Professionalism

To exemplify professionalism you must first be a professional.
Professionalism is “an attitude that motivates individuals to be attentive to the image and ideals of their particular profession.”[1]

C. E. VanZandt, a human resource development professor, indicates five areas of professionalism. Professionalism is:

1. the way in which a person relies on a personal high standard of competence in providing professional services


2. the means by which a person promotes or maintains the image of the profession


3. a person’s willingness to pursue professional development opportunities that will continue to improve skills
within the profession


4. the pursuit of quality and ideals within the profession


5. a person’s sense of pride about the profession.
[2]



What is a Profession?


A profession is defined as “a high-status occupation composed of highly trained experts performing a very specialized role in society.”
[3]


Donald Wright, APR, (1978) states in terms of professionalism, “public relations should be examined in terms of the individual and not the practice.”
[4]



Raising Professionalism in Public Relations


Public relations is a controversial field as it has often been questioned by society on whether it is a profession. One suggestion on how to attain this comes from Mark Brownell and Walter Neubauer Jr. in that “based on assumptions that higher levels of education lead to more sophisticated (accountability-oriented) approaches to public relations, which in turn lead to more professionalism, it would be useful to develop a method to categorize practitioners according to some hierarchy of professionalism which would also identify what training is needed to raise those in the lower levels to the higher levels”
[5]


Professional organizations such as the International Association of Business Communicators
and the Canadian Public Relations Society are an integral component to raise the level of professionalism among the industry.


Grunig and Hunt
(1984) state that “the majority of public relations practitioners since Ivy Lee and Edward Bernays changed the field in the early 1900s have argued, however, that public relations must become a profession.”


The results from a study of public relations professionals indicate that “considering the fact that professionalism and the role of adding to the common good – namely, corporate social responsibility – are very closely intertwined, it can be assumed that one of the primary reasons for PR’s lack of professionalism is the assertion that social responsibility is not valued among PR practitioners… socially responsible behavior is both a professional attribute and a valued course of action for public relations practitioners.”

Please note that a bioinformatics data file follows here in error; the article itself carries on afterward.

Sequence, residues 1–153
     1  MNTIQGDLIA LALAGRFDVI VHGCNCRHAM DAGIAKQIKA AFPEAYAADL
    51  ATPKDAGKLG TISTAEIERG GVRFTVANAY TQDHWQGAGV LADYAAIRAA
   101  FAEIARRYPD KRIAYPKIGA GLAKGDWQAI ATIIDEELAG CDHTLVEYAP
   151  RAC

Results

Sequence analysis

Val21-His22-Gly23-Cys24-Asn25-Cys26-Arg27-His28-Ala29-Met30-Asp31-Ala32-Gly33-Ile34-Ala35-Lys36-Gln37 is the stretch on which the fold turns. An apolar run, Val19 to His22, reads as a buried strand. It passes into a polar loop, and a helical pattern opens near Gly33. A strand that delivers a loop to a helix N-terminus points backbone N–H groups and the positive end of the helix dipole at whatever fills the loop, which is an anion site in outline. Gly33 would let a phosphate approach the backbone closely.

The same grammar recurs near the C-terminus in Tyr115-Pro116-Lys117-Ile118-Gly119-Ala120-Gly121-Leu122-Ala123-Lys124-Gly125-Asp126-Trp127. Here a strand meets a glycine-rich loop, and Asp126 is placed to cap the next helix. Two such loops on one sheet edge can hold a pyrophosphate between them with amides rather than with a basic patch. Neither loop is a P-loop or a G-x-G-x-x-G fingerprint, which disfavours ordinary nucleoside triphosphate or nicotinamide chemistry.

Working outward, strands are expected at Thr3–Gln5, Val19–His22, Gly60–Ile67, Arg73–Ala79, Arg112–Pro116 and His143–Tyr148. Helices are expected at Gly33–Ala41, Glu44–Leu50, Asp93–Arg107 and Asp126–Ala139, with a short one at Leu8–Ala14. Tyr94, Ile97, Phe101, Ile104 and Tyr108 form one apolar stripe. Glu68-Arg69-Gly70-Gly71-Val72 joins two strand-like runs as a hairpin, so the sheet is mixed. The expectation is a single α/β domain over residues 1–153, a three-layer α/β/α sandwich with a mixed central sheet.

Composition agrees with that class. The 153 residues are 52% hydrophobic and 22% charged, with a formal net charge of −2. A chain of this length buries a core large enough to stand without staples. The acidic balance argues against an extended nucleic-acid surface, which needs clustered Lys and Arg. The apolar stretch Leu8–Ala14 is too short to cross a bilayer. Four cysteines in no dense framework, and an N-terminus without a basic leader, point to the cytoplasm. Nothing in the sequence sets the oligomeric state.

[6]



Public Relations Professionals Exemplifying Professionalism


Vanzandt recommends that to be recognized as a professional there needs to be “autonomy, and have personal responsibility in conducting their professional duties. Their emphasis should be on service rather than on mere economic gain.”
[7
Taking the steps VanZandt recommends is one step in raising the professionalism of public relations professionals.
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[1] VanZandt, C. (1990).Professionalism: a matter of personal initiative. Journal of Counseling & Development. 68, 243 - 245.
[2] VanZandt, C. (1990).Professionalism: a matter of personal initiative. Journal of Counseling & Development. 68, 243 - 245.
[3]Wright, D (1978). Professionalism and the public relations counselor: an empirical analysis. Public Relations Review. 26-28.
[4] Wright, D (1978). Professionalism and the public relations counselor: an empirical analysis. Public Relations Review. 26-28.
[5] Brownell, M. & Neubauer, W. (1988). Toward increasing professionalism in public relations: an activity specific system for categorizing practitioners. Conference Papers - - Association for Education in Journalism and Mass Communication, 1988 Annual General Meeting, p. 2 – 20.
[6]Sooyeon, K. & Reber, B. How public relations professionalism influences corporate social responsibility: a survey of practitioners. Conference Papers - - International Communication Association, 2007 Annual Meeting, p. 1-29.
[7]VanZandt, C. (1990).Professionalism: a matter of personal initiative. Journal of Counseling & Development. 68, 243 - 245.